The black dots show the locations of some of the leading genome sequencing research centers.

As can be seen from the above map, individual national policy on stem cell research varies across the globe, with Western Europe and North East Asia being the most liberal. Many nations however, see the world's remaining superpower, the United States, as setting the tone for global ethical policy. President Bush's 2001 decision to allow government funding for experiments using existing stem cell stocks was seen as a middle-of-the-road compromise by both supporters and opponents of the research.

World Reacts to U.S. Stem Cell Plan
Britain's Prolife Alliance, a splinter political party, said it was disappointed in Bush's decision "because the issues at stake here are about absolute respect for early human life, not about compromise."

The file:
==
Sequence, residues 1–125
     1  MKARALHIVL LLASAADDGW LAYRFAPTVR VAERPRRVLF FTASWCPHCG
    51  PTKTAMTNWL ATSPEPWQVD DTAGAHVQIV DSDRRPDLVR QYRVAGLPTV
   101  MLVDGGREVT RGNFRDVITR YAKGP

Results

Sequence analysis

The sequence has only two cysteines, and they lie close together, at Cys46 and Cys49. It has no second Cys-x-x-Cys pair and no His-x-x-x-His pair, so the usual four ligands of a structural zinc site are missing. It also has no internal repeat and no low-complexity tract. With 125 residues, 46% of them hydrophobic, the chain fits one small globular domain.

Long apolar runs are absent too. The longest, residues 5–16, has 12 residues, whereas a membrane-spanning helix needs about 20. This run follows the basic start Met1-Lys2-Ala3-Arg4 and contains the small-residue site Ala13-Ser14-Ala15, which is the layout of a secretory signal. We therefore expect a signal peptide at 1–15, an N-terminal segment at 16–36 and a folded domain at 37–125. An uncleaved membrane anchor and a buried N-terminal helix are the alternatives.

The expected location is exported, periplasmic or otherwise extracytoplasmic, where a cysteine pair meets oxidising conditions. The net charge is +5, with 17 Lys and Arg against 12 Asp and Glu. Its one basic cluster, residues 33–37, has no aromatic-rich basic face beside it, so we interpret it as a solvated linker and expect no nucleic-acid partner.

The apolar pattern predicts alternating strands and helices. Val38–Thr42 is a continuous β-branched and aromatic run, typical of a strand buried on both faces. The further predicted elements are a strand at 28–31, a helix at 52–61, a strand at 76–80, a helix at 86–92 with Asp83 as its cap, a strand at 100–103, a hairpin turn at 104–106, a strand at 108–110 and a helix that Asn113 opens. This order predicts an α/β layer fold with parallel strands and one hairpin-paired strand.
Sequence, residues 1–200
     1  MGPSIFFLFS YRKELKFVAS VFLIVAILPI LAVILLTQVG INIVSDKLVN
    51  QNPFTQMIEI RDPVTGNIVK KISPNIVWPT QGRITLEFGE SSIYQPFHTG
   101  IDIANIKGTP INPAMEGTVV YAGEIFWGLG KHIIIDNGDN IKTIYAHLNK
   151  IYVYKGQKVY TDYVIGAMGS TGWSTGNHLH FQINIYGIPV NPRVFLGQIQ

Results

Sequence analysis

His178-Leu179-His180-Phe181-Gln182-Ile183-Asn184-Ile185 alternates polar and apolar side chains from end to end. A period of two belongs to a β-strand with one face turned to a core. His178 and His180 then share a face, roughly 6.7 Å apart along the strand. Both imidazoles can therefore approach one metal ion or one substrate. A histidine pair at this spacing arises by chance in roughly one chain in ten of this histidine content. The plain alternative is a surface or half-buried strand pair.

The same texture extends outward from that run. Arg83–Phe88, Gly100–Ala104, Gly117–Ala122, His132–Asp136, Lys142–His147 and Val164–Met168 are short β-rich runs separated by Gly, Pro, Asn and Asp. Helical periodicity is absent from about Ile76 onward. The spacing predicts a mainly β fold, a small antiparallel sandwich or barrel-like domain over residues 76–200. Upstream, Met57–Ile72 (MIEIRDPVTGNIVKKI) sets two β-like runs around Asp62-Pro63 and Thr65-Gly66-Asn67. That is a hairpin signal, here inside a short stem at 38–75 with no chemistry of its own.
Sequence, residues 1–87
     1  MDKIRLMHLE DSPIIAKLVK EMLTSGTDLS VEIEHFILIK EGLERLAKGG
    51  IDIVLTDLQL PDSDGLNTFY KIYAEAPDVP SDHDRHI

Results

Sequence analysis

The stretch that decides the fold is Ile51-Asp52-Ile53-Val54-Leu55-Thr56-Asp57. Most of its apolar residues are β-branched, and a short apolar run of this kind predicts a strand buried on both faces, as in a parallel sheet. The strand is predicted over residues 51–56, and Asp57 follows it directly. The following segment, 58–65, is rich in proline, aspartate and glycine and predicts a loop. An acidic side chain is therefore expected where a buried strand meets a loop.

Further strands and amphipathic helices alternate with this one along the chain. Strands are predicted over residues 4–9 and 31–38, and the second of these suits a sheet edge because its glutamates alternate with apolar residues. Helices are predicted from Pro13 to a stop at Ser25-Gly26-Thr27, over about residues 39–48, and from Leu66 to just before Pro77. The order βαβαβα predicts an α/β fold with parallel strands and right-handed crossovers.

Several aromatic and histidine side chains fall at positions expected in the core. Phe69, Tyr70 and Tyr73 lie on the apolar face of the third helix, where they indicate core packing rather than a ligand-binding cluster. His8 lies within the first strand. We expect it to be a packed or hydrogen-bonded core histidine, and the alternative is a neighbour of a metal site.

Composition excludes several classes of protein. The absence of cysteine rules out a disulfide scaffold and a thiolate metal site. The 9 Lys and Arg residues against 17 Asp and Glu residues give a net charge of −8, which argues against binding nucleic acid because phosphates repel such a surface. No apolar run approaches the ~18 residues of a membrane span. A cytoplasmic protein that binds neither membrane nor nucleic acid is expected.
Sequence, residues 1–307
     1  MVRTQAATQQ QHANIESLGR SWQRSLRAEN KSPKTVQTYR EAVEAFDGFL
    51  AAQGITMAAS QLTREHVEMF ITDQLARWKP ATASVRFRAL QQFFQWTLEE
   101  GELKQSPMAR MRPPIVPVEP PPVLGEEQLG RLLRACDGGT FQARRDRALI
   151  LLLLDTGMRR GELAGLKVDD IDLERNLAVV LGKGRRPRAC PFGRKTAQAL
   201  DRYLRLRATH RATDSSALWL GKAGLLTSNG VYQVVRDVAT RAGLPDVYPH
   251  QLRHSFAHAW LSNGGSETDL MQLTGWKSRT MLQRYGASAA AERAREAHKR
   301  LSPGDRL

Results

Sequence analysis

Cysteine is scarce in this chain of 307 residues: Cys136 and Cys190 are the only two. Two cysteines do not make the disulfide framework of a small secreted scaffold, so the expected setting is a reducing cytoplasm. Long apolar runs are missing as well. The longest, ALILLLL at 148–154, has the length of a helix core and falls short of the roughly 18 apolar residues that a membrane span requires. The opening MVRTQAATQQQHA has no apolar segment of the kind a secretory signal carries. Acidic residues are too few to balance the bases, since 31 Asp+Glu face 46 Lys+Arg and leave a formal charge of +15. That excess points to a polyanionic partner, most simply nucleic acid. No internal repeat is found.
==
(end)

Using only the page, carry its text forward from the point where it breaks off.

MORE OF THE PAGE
Proponents of the research also considered Bush's announcement a compromise.

"He's made the most cautious thumbs-up to stem cell research that he possibly could. I'm sure Bush has agonized over this, but it's a bit of a non-decision in a way," said Juliet Tizzard, director of the Progress Education Trust, a London-based pro-research group that was involved in shepherding the approval for stem cell research through Parliament earlier this year.

Please visit the link provided for the complete story.

Not surprisingly, the Catholic Church stands against the extraction of stem cells from embryos and abortions.

Stem-cell Research and the Catholic Church -